Across Appalachia, thousands of acres of formerly mined land sits barren or has been converted to gravelly grassland. These sites were once home to thriving forest ecosystems and some of our region’s most astounding biodiversity. Through a specific reforestation process known as the Forestry Reclamation Approach, these sites can be improved by removing invasive and non-native plants, loosening compacted soil, and finally planting a mix of native trees. After reforestation, these sites have higher biodiversity, help naturally clean and filter rainwater entering into nearby streams, and provide long-term economic benefits to the communities they surround. In this River Talk, Cumberland River Compact Executive Director Mekayle Houghton and Senior Program Manager of Watershed Planning, Jed Grubbs, join Dr. Chris Barton with Green Forests Work to discuss their approach to reforestation in Appalachia.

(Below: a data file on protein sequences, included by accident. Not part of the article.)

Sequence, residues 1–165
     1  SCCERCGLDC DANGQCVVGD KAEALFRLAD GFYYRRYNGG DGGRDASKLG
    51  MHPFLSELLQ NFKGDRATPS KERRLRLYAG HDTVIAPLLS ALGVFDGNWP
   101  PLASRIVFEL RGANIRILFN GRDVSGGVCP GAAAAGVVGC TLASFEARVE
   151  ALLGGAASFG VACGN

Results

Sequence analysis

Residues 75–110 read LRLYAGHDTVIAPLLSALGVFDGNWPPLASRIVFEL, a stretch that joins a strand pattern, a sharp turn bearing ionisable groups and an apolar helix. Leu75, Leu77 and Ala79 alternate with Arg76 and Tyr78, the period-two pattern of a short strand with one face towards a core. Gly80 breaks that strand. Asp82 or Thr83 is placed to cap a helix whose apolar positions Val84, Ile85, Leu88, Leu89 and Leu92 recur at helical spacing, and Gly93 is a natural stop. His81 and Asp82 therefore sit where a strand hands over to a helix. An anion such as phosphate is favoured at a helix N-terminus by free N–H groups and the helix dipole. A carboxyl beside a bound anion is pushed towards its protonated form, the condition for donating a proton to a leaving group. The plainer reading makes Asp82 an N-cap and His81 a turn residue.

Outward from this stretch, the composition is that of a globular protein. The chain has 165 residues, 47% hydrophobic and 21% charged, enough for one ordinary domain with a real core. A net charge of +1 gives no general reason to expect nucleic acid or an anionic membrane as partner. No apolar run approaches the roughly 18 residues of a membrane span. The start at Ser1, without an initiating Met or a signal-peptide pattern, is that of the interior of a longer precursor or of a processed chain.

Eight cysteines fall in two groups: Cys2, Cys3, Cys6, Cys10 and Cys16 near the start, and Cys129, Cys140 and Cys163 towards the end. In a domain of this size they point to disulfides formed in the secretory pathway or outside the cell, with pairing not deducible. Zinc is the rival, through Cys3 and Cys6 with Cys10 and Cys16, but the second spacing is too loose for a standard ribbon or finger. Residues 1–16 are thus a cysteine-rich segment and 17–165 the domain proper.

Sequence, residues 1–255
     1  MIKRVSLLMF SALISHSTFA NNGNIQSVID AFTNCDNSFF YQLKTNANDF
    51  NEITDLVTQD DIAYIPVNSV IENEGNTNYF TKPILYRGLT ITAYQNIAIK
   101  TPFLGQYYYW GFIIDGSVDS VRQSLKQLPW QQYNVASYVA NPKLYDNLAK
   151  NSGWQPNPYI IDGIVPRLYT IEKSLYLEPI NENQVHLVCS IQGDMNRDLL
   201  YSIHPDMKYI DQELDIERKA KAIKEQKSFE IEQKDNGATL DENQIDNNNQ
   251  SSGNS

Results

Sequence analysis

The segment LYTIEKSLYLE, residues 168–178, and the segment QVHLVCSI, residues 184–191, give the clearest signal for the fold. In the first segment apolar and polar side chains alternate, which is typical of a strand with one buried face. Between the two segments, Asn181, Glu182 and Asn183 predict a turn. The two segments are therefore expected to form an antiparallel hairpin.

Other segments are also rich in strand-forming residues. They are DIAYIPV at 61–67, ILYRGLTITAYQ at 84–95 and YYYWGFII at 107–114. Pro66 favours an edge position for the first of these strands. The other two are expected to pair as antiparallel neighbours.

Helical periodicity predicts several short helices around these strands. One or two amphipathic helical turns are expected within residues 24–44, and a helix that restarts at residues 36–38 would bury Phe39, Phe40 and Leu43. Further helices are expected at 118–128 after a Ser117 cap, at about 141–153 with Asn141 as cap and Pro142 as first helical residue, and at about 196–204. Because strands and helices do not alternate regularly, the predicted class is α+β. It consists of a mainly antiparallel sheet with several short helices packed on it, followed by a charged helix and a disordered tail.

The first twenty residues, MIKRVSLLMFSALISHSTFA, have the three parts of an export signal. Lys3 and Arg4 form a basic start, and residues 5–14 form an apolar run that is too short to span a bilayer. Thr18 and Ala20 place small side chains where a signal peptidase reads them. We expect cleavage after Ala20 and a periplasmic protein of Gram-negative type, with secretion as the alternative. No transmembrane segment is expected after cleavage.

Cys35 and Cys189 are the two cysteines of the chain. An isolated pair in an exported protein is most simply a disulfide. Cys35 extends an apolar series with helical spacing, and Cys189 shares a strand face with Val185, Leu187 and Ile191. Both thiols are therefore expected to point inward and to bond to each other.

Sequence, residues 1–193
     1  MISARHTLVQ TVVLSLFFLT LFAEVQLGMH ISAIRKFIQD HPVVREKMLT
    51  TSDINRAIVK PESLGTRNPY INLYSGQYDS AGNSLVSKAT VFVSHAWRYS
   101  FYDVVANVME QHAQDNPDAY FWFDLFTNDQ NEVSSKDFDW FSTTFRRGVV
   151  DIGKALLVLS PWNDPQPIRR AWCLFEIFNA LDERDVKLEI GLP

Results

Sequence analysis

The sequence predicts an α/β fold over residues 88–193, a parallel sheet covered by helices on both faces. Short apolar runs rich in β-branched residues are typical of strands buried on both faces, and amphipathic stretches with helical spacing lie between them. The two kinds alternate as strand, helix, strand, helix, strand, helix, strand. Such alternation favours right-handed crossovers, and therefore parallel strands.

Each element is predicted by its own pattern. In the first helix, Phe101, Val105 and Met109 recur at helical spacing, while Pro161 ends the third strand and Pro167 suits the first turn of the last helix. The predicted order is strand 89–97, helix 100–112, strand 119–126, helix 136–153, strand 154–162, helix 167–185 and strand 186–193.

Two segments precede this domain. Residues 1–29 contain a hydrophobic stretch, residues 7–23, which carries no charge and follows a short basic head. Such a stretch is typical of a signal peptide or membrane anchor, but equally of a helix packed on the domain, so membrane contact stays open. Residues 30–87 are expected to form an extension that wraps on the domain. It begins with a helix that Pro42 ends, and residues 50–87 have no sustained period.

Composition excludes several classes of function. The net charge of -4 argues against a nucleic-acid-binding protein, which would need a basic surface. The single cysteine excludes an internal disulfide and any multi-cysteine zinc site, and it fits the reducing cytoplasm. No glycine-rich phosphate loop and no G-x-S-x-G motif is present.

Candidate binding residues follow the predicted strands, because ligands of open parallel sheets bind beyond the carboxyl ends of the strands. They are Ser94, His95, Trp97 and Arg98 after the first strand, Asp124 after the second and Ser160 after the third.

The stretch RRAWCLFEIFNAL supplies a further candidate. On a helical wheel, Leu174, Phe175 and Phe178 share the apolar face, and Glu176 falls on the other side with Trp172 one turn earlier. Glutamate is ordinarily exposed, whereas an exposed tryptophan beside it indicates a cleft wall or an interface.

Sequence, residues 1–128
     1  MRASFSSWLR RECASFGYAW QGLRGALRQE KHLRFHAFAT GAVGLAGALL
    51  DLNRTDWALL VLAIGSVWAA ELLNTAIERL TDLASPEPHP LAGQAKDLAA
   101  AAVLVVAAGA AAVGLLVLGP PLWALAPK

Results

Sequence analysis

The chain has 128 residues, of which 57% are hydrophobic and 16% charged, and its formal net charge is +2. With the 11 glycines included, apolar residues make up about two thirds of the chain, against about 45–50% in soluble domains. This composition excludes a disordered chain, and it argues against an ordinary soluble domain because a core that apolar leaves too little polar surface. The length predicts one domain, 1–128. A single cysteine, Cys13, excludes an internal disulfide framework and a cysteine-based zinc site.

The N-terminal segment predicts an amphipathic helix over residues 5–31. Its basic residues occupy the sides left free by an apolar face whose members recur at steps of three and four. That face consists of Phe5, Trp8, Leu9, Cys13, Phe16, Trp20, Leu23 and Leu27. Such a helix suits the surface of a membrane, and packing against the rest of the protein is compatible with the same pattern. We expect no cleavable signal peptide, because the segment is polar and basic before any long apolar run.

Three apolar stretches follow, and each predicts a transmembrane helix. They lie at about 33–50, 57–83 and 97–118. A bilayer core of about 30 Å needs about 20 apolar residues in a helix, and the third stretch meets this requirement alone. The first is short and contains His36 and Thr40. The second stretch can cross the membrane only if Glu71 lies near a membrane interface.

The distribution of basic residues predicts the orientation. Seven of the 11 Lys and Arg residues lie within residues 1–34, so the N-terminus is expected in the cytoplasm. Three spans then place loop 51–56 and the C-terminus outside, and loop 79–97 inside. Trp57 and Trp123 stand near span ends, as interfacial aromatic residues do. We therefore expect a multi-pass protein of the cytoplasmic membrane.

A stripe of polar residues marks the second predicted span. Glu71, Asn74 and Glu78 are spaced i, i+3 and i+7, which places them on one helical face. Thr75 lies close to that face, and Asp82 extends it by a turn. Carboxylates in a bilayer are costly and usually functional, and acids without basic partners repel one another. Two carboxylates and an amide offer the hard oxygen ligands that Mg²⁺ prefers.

About Green Forests Work:
In this podcast:
- What does Green Forests Work do?
- What are the ecological benefits of reforesting formerly mined lands?
- How is reforestation in Appalachia linked to green jobs and economic benefits?
- How could reforestation help to promote ecotourism?
- What are the best ways people in Middle Tennessee can help to promote water quality in Appalachia?